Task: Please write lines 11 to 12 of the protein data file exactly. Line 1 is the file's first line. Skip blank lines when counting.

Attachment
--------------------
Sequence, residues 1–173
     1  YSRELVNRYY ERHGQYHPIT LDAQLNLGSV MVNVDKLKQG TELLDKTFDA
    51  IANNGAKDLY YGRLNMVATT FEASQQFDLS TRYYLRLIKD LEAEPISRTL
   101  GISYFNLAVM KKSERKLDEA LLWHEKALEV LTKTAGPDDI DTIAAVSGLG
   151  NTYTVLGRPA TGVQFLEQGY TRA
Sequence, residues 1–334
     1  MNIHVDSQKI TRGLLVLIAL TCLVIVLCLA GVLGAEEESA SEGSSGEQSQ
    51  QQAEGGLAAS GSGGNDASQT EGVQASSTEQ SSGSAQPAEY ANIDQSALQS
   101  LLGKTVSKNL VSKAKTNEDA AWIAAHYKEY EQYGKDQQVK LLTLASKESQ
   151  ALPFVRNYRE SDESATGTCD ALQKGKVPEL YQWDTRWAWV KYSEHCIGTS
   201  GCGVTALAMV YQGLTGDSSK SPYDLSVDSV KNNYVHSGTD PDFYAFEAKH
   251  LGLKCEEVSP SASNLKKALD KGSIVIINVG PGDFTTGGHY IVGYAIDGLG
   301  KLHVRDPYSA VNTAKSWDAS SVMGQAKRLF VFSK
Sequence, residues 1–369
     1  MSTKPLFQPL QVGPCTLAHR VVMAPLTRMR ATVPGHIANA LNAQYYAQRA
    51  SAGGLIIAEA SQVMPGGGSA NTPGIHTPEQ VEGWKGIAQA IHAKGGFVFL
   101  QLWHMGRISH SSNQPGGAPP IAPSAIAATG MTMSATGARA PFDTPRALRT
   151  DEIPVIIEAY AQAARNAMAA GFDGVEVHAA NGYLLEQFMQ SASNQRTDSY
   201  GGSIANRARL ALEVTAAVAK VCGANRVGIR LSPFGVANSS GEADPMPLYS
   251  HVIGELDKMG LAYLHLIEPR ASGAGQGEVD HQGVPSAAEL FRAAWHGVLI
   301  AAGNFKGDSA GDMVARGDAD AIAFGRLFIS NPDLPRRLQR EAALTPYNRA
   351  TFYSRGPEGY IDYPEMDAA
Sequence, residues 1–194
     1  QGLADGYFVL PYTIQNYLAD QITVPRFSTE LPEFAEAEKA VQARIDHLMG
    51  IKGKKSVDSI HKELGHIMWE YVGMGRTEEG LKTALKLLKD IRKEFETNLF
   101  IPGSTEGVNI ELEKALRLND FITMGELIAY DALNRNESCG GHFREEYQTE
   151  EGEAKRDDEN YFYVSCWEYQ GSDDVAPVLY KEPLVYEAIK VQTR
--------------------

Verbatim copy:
   201  GCGVTALAMV YQGLTGDSSK SPYDLSVDSV KNNYVHSGTD PDFYAFEAKH
   251  LGLKCEEVSP SASNLKKALD KGSIVIINVG PGDFTTGGHY IVGYAIDGLG